HAGAN ISN’T THE ONLY ONE: Another North Carolina Democrat with concerns: U.S. Rep. Mike McIntyre. He is a co-sponsor of this effort, described here by The New York Times: “In addition, a vote is scheduled Friday in the Republican-controlled House on a bill that would allow Americans to keep their existing health coverage through 2014 without penalties. The measure, drafted by Representative Fred Upton, the Michigan Republican who is the chairman of the Energy and Commerce Committee, is opposed by the White House, which argues that it would severely undermine the Affordable Care Act by allowing insurance companies to continue to sell health coverage that does not meet the higher standard of Mr. Obama’s health care law.” Read more here.
GOVERNOR WANTS DIX PARK TO WORK: AP – Gov. Pat McCrory says he’s aiming to reach a renegotiated agreement by early December with Raleigh over the city’s effort to turn the campus of now-closed Dorothea Dix mental hospital into a regional park. McCrory made the comments before big-city mayors dined with him Wednesday at the Executive Mansion. Raleigh Mayor Nancy McFarlane stood beside McCrory and other mayors as he took questions.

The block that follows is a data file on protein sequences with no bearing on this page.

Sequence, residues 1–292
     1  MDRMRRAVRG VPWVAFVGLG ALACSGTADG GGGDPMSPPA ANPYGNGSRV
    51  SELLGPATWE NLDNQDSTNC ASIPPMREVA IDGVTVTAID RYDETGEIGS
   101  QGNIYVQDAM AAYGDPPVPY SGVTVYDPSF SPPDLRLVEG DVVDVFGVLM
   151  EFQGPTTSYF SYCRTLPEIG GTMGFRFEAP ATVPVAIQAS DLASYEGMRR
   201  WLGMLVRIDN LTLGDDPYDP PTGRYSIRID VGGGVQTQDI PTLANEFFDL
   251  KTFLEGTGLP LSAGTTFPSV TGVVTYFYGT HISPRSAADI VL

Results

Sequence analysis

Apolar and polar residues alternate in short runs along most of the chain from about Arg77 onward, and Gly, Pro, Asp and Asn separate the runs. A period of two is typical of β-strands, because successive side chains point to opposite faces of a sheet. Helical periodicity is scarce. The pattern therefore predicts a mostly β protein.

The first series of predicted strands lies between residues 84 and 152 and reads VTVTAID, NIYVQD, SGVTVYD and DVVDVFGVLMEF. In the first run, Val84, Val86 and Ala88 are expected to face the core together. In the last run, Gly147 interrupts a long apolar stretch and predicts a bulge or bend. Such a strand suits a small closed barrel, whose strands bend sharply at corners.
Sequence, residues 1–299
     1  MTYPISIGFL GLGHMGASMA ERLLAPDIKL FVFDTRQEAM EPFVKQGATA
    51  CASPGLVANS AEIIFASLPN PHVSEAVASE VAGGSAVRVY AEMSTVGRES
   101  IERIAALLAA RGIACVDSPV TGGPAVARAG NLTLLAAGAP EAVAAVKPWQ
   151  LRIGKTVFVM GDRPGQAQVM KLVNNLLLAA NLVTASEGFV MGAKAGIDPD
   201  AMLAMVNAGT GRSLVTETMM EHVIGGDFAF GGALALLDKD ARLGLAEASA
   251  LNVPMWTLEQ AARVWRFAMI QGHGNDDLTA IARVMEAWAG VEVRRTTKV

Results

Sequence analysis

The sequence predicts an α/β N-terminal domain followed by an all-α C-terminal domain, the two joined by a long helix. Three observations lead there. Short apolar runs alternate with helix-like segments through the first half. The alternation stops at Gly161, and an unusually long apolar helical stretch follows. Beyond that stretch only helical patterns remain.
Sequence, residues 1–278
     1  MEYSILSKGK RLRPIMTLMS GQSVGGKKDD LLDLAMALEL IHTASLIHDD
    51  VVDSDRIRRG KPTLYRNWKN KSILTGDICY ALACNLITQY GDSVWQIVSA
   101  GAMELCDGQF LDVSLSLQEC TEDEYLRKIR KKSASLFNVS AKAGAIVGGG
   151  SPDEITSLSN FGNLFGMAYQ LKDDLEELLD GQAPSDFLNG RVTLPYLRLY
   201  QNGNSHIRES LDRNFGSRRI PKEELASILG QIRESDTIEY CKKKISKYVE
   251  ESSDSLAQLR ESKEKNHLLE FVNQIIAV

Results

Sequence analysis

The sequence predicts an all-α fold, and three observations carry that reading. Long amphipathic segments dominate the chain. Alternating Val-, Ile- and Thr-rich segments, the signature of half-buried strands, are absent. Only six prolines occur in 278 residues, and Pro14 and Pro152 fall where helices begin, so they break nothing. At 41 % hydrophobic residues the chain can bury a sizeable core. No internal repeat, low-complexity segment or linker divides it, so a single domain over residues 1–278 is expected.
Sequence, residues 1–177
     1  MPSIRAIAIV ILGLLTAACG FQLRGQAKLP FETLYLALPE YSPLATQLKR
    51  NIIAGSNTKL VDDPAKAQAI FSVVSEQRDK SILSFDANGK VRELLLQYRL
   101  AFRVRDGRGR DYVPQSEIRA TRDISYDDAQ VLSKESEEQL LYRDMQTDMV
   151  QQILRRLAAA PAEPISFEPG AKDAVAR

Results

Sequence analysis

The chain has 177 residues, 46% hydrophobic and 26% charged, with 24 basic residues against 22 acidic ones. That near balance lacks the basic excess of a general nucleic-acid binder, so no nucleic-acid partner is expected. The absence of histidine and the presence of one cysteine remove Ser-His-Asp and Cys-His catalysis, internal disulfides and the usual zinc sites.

Then-Gov. Beverly Perdue agreed late last year to lease the Dix property to Raleigh, but Republican lawmakers didn't like the terms. Legislators couldn't agree what to do next, so McCrory and Raleigh officials delayed the lease until next June to allow for new negotiations. McCrory says he wants the park plan to work also must protect the state's interests. State employees still work on the campus.
COMMERCE SECRETARY SAYS UNEMPLOYED NEW RESIDENTS PARTYLY TO BLAME FOR JOBLESS RATE: The push to lower North Carolina’s high unemployment rate is being slowed by a persistent skills gap and a continued influx of jobless people moving to the state, according to Commerce Secretary Sharon Decker. She made those observations Tuesday during a speech at the Ritz Carlton to CREW Charlotte, a professional group for women in commercial real estate. Read more here.
... BUT WAIT, ECONOMIST SAYS NOT EXACTLY: From AP – Asked Wednesday about Decker’s comments, (N.C. State economist Mike) Walden said his prior research based on the 2008-2010 data should not be used to draw conclusions about the current pace of recovery. Similar IRS data on jobless relocations during 2013 won’t be available for many months, he said.
“My research was looking at why (North Carolina’s unemployment rate) went from essentially the same as the national rate prior to the recession and we ended up about a percentage and a half above the peak rate at the height of the recession,” Walden said. “Since then, both North Carolina’s rate and the national rate have come down pretty much in tandem.” Read more here.
WONK ALERT – MORE NUMBERS: To help illuminate this debate, Morning Memo (with the help of N&O database editor David Raynor) dug into census data, another source of migration figures in addition to the IRS numbers Walden used. Two key points: